Publication date: Mar 24, 2020
Berger went on to discuss the 1919 interpretation of the Harrison Act of 1915-that keeping an opioid dependent patient -comfortable by maintaining his customary [opioid] use was not a prescription, within the meaning of the law . . . .” As a result, physicians became targets for arrest and imprisonment for prescribing narcotics to control withdrawal symptoms in attempt to make their patients comfortable.
Other off-label medications also were used for reducing opioid withdrawal symptoms, including the use of clonidine for opioid withdrawal along with other non-opioid medications.
Progress has been more evident during these more recent 50 years, moving us further away from the 1919 decisions that made it illegal to provide medical help to people with an opioid addiction.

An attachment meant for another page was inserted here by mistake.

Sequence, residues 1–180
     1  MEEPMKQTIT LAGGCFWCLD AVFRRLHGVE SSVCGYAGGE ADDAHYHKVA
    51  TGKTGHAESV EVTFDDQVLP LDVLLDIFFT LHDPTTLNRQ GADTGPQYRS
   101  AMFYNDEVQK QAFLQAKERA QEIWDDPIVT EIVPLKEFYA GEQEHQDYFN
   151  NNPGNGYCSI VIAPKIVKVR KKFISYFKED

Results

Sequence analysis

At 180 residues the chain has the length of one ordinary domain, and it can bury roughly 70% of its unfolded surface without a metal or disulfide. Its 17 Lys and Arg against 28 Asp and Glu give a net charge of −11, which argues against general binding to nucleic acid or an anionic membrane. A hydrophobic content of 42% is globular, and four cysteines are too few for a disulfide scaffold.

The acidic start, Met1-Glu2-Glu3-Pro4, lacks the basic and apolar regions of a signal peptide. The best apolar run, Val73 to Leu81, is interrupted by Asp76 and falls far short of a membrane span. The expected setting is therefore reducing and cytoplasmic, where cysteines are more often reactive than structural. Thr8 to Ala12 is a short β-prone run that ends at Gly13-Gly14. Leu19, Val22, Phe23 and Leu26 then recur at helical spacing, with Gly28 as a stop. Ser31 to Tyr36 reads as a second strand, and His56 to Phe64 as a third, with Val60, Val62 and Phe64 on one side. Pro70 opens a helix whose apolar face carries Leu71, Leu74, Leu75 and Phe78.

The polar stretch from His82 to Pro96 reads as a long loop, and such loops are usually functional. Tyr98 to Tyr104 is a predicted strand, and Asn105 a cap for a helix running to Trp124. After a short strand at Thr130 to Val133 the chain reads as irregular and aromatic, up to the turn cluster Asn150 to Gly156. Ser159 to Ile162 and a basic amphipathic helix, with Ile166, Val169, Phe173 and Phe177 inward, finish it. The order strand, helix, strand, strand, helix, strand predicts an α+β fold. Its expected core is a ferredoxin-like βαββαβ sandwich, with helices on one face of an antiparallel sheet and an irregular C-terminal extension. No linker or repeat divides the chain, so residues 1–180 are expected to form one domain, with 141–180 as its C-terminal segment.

In addition to these maintenance approaches to treatment, aids for managing the symptoms of opioid discontinuation, such as clonidine and most recently lofexidine, also became available.
However, along with the more humane treatments for addiction, an opposing trend began from the pharmaceutical industry to increase sales of opioids for managing -insufficiently treated” chronic pain syndromes.
In Ohio and in a recent Oklahoma case, the judge stated that one company -engaged in false and misleading marketing of both their drugs and opioids generally, and the law makes clear that such conduct is more than enough to serve as the act or omission necessary to establish the first element of Oklahoma’s public nuisance law. “
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